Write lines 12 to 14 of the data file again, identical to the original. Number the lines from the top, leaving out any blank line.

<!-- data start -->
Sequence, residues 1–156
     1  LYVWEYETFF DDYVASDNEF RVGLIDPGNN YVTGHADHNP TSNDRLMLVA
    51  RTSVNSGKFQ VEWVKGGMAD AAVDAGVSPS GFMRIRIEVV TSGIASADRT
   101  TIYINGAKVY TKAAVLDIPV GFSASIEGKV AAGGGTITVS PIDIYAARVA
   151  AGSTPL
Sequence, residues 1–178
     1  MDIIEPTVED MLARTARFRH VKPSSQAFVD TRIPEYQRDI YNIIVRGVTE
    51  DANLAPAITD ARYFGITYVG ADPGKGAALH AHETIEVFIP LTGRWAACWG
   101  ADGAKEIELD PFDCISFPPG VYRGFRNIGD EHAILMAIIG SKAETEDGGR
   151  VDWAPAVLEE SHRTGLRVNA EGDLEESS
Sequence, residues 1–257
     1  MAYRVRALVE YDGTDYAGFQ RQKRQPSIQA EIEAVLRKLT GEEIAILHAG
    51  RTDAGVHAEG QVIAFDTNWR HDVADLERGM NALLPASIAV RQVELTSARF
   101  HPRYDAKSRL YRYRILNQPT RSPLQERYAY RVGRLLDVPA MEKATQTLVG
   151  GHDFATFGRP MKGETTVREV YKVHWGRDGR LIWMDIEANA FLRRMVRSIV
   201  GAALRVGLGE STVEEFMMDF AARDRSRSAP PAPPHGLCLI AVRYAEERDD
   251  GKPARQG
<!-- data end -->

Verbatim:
     1  MAYRVRALVE YDGTDYAGFQ RQKRQPSIQA EIEAVLRKLT GEEIAILHAG
    51  RTDAGVHAEG QVIAFDTNWR HDVADLERGM NALLPASIAV RQVELTSARF
   101  HPRYDAKSRL YRYRILNQPT RSPLQERYAY RVGRLLDVPA MEKATQTLVG